Online Accessibility for Students with Disabilities

By: Ken Ferree

 The 21st century is experiencing a major influx of students who are working toward degrees online in higher education  –  at both the undergraduate and graduate levels.  Likewise, students with disabilities are attracted more and more to the online platform of learning.  As a result, the Federal Government is beginning to address accessibility of online courses for those with disabilities in an effort to insure compliance with the law.

This brings up the question – what makes a successful course compliant?

There are a number of answers for this question.  Here are a few, brief items to consider:

1.)  the addition of multimedia (graphics, video, photos, etc.) to an online course addresses learners at multiple intelligence levels (ie: auditory, kinesthetic, visually, etc.)

2.)  using proper fonts – preferable Arial or Tahoma – enables those with seeing problems to view text easier

3.)  using Closed Captioning for videos aids the hearing impaired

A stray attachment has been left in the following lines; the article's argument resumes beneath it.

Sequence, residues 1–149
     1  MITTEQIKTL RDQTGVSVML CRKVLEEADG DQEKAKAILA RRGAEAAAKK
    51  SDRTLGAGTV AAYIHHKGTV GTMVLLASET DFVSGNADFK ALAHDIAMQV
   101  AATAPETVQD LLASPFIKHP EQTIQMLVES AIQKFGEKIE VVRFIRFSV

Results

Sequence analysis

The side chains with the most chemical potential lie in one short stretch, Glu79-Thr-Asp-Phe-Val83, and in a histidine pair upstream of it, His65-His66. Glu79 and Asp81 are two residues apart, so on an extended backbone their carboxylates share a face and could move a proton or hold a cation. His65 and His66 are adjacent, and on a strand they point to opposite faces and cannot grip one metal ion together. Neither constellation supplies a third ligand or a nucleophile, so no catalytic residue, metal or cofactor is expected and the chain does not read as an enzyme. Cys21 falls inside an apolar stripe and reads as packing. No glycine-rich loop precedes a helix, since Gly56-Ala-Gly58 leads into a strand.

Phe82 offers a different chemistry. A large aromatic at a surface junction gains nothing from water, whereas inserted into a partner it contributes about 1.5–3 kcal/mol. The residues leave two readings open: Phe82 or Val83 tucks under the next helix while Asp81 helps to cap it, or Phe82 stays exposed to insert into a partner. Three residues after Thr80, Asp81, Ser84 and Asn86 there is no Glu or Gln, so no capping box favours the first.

4.)  tagging photos with their title when uploading likewise aids the hearing impaired
These are just a few of the items that make a big difference in delivering a compliant vs. a non-compliant online course.  In actuality, they not only help those with disabilities to readily access the course, these tips also raise the overall level of the online course for all students.

It’s easy to say, “why should I care?”  The answer is – because it is the law.

About ncccelearning

I have been helping faculty Teach Well Online for 12 years. My online teaching experience includes both online at the undergraduate and graduate level and have created and delivered numerous workshops focusing on the pedagogy of teaching online and strategies to support student success. I hold an M.S. ED in Educational Computing and have proudly worked at SUNY-Niagara County Community College for the last 12 years.
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